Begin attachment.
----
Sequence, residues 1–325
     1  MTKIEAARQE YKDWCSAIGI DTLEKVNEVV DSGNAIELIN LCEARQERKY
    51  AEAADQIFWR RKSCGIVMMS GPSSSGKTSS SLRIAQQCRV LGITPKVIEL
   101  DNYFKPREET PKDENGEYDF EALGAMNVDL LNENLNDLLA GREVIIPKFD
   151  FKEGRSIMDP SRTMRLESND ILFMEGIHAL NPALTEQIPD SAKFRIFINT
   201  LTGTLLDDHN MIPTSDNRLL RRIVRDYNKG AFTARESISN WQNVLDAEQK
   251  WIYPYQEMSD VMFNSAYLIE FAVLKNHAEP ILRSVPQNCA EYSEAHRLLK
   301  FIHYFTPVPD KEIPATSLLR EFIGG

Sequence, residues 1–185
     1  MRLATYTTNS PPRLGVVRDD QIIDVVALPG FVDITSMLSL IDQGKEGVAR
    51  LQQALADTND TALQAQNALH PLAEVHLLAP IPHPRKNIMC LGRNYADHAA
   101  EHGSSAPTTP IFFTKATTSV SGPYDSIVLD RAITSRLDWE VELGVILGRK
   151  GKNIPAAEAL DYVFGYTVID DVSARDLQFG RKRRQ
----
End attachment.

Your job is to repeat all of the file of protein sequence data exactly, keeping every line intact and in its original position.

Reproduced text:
Sequence, residues 1–325
     1  MTKIEAARQE YKDWCSAIGI DTLEKVNEVV DSGNAIELIN LCEARQERKY
    51  AEAADQIFWR RKSCGIVMMS GPSSSGKTSS SLRIAQQCRV LGITPKVIEL
   101  DNYFKPREET PKDENGEYDF EALGAMNVDL LNENLNDLLA GREVIIPKFD
   151  FKEGRSIMDP SRTMRLESND ILFMEGIHAL NPALTEQIPD SAKFRIFINT
   201  LTGTLLDDHN MIPTSDNRLL RRIVRDYNKG AFTARESISN WQNVLDAEQK
   251  WIYPYQEMSD VMFNSAYLIE FAVLKNHAEP ILRSVPQNCA EYSEAHRLLK
   301  FIHYFTPVPD KEIPATSLLR EFIGG

Sequence, residues 1–185
     1  MRLATYTTNS PPRLGVVRDD QIIDVVALPG FVDITSMLSL IDQGKEGVAR
    51  LQQALADTND TALQAQNALH PLAEVHLLAP IPHPRKNIMC LGRNYADHAA
   101  EHGSSAPTTP IFFTKATTSV SGPYDSIVLD RAITSRLDWE VELGVILGRK
   151  GKNIPAAEAL DYVFGYTVID DVSARDLQFG RKRRQ